So, because last weekend wasn’t going to be busy enough, I felt the need to have people round for brunch on Sunday. It’s a good thing I’m cute when I’m getting ready for parties or I’d be so, so dumped. It’s also a good thing half my guests bailed at the last minute; the ones that DID show up were HUNGRY.
Anyway, I planned on doing my usual brunch menu: Eggs Mornay, bacon, biscuits, asparagus vinaigrette, coffee cake, and fruit salad. But, with fall in the air, my usual fruit salad (pineapple, melon, kiwi, & strawberry layered in a glass bowl) didn’t really seem appropriate.
Instead, I turned to some slightly more seasonal fruit. The WF had some gorgeous Honeycrisp apples and Asian pears (on sale-sweet!), and I grabbed a pomegranate, some figs, and a couple of Bartlett pears as well. With a few toasted walnuts on top, I figured I’d be in business for a crunchy, sweet, seasonally-sensitive salad.
I did, however, need to address the whole oxidization issue, which kind of harshed my mellow. While it’s a fall salad, I didn’t want all my fruit to be straight-up brown and mushy. THAT’S not cool.
I figured that an acidic little dressing would help keep the fruit looking its best for at least a little while. Lemon juice was the obvious candidate, but I decided to cut it with boiled cider so all my lovely fall fruits would taste like themselves and not like… lemon. And flavor-wise, this worked out really well. The boiled cider lent autumnal nuance to everything and the lemon brightened and lightened as only it can. If you don’t have boiled cider on hand, I’m sure maple syrup–the REAL thing, if you please–would be lovely as well.
If there was a ever a time I wish I vlogged, it would be now, so I could give you all a big ol’ “HELLO!” a la My Drunk Kitchen. (MDK is totally worth the clicks, btw. Harto’s antics crack me up without fail, and that’s saying something, Frederick!) Sadly, they say the camera adds 10lbs, so my video debut is still SEVERAL Pilates sessions away.
In any case, though, I can assure you I’m back from, well… let’s see: late-summer blogger malaise, crazy work (it’s year-end for Feds, and that’s about as much fun as a barrel of bubonic monkeys), serial party-throwing, and, oh yeah, a faboo week in Costa Rica (looks tragic, right?) communing with birds and frogs and snakes and monkeys of the non-bubonic variety.
Now, while I am absolutely a-twizzle with new fun things to write , I did want go get back into the swing of doing Menu Mondays. It’s one of the few things I’ve gotten good (ok, ANY) feedback on lately, so tally ho. And, since we’ve been luxuriating in deliciously crispy fall weather here in D.C. for the past few days, I thought a tasty meal that celebrated back-to-school, the impending harvest, and the no-longer-so-far-away holidays would be just the thing.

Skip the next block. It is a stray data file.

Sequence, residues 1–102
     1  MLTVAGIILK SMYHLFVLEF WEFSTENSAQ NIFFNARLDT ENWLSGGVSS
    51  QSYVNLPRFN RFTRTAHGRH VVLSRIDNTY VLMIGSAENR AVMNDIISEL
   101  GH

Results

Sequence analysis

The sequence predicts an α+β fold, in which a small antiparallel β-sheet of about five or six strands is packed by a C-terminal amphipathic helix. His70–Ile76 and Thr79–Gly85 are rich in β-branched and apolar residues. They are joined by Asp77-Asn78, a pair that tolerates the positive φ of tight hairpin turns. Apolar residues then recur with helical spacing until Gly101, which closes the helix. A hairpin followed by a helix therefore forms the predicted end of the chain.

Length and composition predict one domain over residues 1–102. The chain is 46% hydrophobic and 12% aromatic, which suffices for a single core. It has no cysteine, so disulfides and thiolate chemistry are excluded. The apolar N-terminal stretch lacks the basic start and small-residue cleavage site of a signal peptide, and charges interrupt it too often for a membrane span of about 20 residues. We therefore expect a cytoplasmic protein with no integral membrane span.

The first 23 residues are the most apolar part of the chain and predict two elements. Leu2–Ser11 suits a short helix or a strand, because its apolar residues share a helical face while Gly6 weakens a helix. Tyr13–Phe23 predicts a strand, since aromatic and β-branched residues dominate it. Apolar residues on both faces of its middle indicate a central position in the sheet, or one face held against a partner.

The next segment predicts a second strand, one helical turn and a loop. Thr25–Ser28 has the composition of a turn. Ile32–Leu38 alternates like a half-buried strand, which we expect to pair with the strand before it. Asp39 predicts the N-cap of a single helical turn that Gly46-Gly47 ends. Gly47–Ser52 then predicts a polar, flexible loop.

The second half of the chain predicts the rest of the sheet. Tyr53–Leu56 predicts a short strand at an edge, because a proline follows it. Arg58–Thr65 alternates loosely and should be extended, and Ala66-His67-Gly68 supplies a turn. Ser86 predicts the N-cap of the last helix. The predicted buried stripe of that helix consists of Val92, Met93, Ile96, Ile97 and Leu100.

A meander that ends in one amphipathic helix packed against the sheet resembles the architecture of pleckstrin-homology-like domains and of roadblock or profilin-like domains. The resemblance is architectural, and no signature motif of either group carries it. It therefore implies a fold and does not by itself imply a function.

We kick off with a crisp, juicy salad of fennel and apples with a bright cider vinaigrette, and continue in that sweet-savory vein with a toothsome combination of roasted butternut squash, kale, and raisins tossed with pasta and Parmesan cheese. Plums nestled in a almond-y batter and quickly baked off make a suitably autumnal conclusion.
These dishes’ dependence on seasonal produce links them together in a very appealling fashion. If, however, you’re like Mr. T and look slightly askance at sweet-savory pairings, you can omit the raisins from the pasta and reduce the cider in the vinaigrette. I absolutely love them as they are, however, and I’d encourage you to try them as-is first.
Sweet corn. Tangy tomato. Pungent basil. It doesn’t get more summery. Put them together, and you pretty much have the apotheosis of hot weather deliciousness. And put them together we shall, tossed together with a lightning quick vinaigrette that delivers a little extra zing that makes this easy salad compulsively nibbleable.
Given that this is the glory season of spectacular beefsteak heirloom tomatoes, I feel kind of dreadful recommending cherry tomatoes for this… but they really work better. The big tomatoes, delicious as they are, kind of break down and get all weepy while the little ones hold their shape and flavor better. I’ve made this several times since the version pictured, and it’s just better with the baby tomatoes. Keep your big fancy tomatoes for eating on their own or in a Caprese salad.
Ah, organizational skills. If mine were slightly better, this is what I would have taken to the Pride bar-be-que I went to on Saturday. But no, not quite that together. Not that anyone complained, mind you, as I showed up instead with one of WhiskedDC‘s super tasty strawberry-rhubarb pies–which got snarfled up pretty much instantaneously. Good stuff. Also good, however, is this verdant, lemony tabbouleh-esque salad… particularly now that the summer has definitively arrived in D.C., crushing everyone under its hot, sweaty fist.
Although you’d not know it based on many of the tabboulehs available in this country, it’s MEANT to be a green salad of parsley with a little bit of bulghur mixed in–not a tan salad of bulghur with a little bit of parsley mixed in. Of course, there are challenges to making a salad that’s mostly parsley. While I love its bright, grassy flavor, most of the parsley I can get my hands on is huge and tough. And, when tossed with its super lemony dressing, the parsley manages to go all wilty, yet remain tough. Tiresome.
Since I’m not about to start growing my own tender young parsley for salads–I’d need several more balconies–I thought about other greens that might also play well with the parsley I was committed to keeping for the sake of flavor (and tradition). Spinach? Nope. Too delicate. It’d just wilt down into snotty green hankies. Ech. But kale? That could work. It’s rugged enough to stand up to the dressing, but once cooked, isn’t as throat-ticklingly tough. And chic peas? Also not traditional, but a nice addition that adds some creamy heft and enhances the veggie-friendliness of your menu.